Darragh O’Conaill is a brown belt under Saulo Ribeiro from Dublin, Ireland who has made his name in various international tournaments. Having medaled at the Pan Championship as well as the Europeans, he’s looking to make his move at the World Championship next week in Long Beach, CA to earn the world title.
I caught up with Darragh as he made his way to San Diego for the final preparations and learned how he got started in Jiu-Jitsu, what his days are like, how he feels about traveling to compete and what he believes is necessary for winning the big tournaments. Read on:
GRACIEMAG: How did you find Jiu-Jitsu and get into the tournament scene as well as start teaching?
DARRAGH O’CONAILL: I was first introduced to Jiu-Jitsu by my PE teacher in high school when I was around 16. He was a blue belt and taught some classes in the school I attended. At the time, rugby was my passion having played since I was eight years old. I played full time for my final two years in high school and did no Jiu-Jitsu but when I went to college to play rugby I got burnt out and stopped enjoying it. Wanting to keep fit and involved in a sport I got in contact with my old PE teacher and attended the Jiu-Jitsu classes he was teaching at a local gym. That was roughly 2007.
I was naturally competitive having played rugby for so long and entering tournaments was an obvious route for me. From my first time competing I was hooked but the scene in Ireland was so small it meant I had to travel to England and around Europe alone to gain experience.
By 2010 the academy had grown to have about 25/30 members, but my instructor had a lot of injuries and found it frustrating to keep teaching without being able to train so he offered me the chance to take over the academy for him. I had fallen in love with everything to do with Jiu-Jitsu at this point: teaching, training, competing, and couldn’t say no to the offer. I had a great job at the time working afternoons that allowed me to teach and train both in the morning and night until the academy was big enough to quit and teach/train full time. Four years on I now have my own full time academy in a new location with roughly 100 students!
When did you hook up with Rafael Lovato Jr. and his team in terms of mentorship and affiliation?
My school is a Ribeiro Team affiliate and I was introduced to Lovato by my teammate and friend from Germany, Johannes Wieth. I met Johannes in 2010 training at the University of Jiu-Jitsu in San Diego. Johannes had been to Oklahoma City to train [with Lovato] and strongly recommended I make the trip and check it out. In 2012 I travelled there for a couple months for Worlds training and loved everything about it. Since then, Rafael has been to my academy in Ireland four times and i’ve been to Oklahoma City three times. He has helped me so much not only with my skills on the mat but with my mental game and academy, too. I am beyond grateful for all the help and support he’s given me, as well as all Saulo has done for me.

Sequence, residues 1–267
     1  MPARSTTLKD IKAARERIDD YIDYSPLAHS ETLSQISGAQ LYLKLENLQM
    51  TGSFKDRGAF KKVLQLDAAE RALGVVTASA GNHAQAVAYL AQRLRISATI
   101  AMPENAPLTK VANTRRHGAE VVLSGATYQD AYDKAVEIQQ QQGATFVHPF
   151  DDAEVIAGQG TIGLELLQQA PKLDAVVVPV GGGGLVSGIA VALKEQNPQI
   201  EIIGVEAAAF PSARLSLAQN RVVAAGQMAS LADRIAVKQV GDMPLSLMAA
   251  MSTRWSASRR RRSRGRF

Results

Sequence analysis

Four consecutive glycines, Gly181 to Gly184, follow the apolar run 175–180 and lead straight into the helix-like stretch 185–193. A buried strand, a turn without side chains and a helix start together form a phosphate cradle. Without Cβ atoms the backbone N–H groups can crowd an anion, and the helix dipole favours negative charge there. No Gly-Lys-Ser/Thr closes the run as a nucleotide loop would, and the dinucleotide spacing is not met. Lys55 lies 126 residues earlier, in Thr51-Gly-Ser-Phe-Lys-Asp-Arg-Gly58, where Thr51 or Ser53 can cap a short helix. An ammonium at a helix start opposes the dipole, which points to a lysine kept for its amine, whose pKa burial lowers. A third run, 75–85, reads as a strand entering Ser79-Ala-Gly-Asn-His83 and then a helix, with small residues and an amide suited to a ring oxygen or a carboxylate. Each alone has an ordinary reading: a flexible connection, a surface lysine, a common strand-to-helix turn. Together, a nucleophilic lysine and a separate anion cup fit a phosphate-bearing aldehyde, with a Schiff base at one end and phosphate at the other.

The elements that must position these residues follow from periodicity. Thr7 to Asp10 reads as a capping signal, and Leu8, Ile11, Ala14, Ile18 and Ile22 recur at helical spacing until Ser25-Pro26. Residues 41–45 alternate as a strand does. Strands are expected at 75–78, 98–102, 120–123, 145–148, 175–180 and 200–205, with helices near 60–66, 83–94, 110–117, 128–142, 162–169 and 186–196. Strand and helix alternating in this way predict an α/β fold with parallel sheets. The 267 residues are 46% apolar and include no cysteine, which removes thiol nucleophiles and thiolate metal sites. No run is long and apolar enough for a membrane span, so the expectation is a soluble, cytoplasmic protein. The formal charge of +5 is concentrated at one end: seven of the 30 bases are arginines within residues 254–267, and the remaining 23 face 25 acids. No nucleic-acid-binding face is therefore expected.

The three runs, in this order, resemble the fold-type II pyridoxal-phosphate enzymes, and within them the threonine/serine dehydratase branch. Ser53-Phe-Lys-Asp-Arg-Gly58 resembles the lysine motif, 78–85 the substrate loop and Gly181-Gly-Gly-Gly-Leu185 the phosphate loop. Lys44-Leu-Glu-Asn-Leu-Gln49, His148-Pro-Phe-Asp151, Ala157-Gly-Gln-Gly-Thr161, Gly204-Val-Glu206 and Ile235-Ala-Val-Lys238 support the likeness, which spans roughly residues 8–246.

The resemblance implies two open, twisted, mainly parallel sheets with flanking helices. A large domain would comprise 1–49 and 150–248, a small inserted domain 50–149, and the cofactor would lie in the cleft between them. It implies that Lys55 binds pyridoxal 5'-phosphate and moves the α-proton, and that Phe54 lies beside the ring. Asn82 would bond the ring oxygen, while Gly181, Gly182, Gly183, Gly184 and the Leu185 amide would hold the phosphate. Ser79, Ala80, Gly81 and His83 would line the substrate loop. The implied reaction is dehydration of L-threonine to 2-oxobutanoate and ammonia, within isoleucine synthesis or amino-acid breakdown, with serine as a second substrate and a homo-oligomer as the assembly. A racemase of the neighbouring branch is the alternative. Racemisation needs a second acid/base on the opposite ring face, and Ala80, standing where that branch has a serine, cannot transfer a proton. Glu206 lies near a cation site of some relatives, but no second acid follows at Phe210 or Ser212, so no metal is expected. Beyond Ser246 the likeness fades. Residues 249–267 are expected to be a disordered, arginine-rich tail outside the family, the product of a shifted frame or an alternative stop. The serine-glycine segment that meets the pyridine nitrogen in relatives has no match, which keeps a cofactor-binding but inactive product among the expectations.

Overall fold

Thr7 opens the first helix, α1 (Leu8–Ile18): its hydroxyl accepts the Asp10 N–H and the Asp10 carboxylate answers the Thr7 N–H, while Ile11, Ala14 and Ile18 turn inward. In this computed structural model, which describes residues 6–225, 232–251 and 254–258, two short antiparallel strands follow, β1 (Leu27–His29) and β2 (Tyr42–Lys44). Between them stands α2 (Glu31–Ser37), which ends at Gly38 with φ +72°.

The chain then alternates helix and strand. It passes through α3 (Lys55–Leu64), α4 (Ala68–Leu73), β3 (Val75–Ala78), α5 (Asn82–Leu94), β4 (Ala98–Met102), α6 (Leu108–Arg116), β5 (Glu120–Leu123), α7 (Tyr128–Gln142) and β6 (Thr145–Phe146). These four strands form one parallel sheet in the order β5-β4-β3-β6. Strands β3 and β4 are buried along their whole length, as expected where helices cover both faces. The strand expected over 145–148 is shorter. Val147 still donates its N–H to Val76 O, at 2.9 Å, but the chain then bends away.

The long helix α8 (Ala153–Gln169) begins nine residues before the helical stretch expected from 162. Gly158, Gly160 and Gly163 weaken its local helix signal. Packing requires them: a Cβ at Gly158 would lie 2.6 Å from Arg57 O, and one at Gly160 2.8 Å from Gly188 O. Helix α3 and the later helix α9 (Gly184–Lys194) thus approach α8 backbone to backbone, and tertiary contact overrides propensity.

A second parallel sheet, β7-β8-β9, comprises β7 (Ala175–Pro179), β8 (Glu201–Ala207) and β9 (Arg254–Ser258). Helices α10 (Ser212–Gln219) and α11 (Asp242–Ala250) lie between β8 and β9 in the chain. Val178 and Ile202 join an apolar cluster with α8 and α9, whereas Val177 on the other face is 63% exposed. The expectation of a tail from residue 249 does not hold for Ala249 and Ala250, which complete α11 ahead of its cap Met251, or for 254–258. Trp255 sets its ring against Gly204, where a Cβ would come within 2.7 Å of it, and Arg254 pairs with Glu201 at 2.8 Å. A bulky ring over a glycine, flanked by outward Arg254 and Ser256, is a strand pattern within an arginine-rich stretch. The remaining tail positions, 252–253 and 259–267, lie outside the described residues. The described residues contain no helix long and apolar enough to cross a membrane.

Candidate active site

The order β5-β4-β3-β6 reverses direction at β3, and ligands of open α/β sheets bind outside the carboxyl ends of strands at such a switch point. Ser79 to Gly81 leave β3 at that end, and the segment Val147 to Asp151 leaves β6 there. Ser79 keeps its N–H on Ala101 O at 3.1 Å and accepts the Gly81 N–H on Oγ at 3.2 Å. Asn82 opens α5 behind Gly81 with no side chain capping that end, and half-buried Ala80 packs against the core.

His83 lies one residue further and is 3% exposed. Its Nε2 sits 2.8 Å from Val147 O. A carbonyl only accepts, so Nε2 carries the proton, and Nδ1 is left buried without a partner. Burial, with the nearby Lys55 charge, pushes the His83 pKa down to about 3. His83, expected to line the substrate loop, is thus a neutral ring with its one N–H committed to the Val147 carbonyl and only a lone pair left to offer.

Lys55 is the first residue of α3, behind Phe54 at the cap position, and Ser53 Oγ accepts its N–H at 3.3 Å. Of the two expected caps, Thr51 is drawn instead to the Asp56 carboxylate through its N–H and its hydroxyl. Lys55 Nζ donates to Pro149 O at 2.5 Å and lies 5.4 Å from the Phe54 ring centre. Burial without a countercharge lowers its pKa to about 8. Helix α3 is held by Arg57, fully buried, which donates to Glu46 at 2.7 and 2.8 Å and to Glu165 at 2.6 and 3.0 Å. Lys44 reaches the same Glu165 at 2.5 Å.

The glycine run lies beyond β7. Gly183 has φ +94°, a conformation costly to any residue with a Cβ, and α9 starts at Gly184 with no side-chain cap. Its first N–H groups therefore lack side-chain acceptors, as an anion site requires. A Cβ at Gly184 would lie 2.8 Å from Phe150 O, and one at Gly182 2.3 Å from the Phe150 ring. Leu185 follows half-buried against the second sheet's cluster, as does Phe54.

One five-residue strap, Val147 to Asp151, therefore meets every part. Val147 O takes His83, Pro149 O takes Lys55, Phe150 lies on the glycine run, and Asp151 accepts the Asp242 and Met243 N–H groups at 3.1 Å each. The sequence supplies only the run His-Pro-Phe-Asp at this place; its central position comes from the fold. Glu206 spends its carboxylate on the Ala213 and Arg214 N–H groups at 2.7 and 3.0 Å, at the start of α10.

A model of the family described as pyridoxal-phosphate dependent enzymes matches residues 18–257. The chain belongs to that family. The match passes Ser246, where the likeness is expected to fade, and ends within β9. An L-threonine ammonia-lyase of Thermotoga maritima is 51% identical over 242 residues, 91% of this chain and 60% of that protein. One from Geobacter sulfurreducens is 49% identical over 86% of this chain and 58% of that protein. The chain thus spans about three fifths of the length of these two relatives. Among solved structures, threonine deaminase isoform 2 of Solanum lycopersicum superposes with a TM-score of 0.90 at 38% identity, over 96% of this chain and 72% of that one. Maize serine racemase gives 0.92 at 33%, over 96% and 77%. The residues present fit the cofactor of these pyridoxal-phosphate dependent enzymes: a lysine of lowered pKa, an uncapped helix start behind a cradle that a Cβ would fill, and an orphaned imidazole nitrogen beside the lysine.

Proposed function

Let me know what it’s like to have to travel everywhere to compete and how you adjust to that.
Having to travel everywhere to compete is not an issue for me at all really. It’s all I’ve ever known so I have nothing else to compare it to. I love travelling and have gotten to see so many amazing places because of Jiu-Jitsu. While the journeys may be long and sometimes tiring, it gives me a lot of time to think and of course I’m so grateful to have the chance to do what I love for a living so I can’t really complain!
Describe your busiest day for training, teaching and any another priorities.
A typical day for me would be to wake up around 8:30 a.m., do some yoga and eat. Head to the academy for 11 a.m. to drill, teach class and train from 12-2 p.m. Every second day we have competition team training from 4-6 p.m. Then I teach class and train again from 7 to roughly 10 p.m. Within those times, depending on the day, I also find time to cook/eat, drill with my girlfriend and take care of business at the academy.
What is the most valuable aspect of training necessary to do well in competition?
I think there are a lot of aspects necessary to do well in competition, but one of the most important for me is developing an extremely strong mental game. Everybody trains hard, does drills, lots of rounds, shark tanks, whatever. The people who make the podium are not necessarily the ones who train the hardest or with the most skill, because I believe everybody at the biggest tournaments train hard and are skilled. The ones who medal are those with the greatest will to win, the most self-belief. They have the strongest and calmest minds under pressure. In my opinion, the development of your mind and self-belief is the most important aspect of your training.
Be sure to watch the 2014 World Championship from May 28 to June 1 at the Long Beach Walter Pyramid in Long Beach, California. Check out the livestream here: www.ibjjftv.com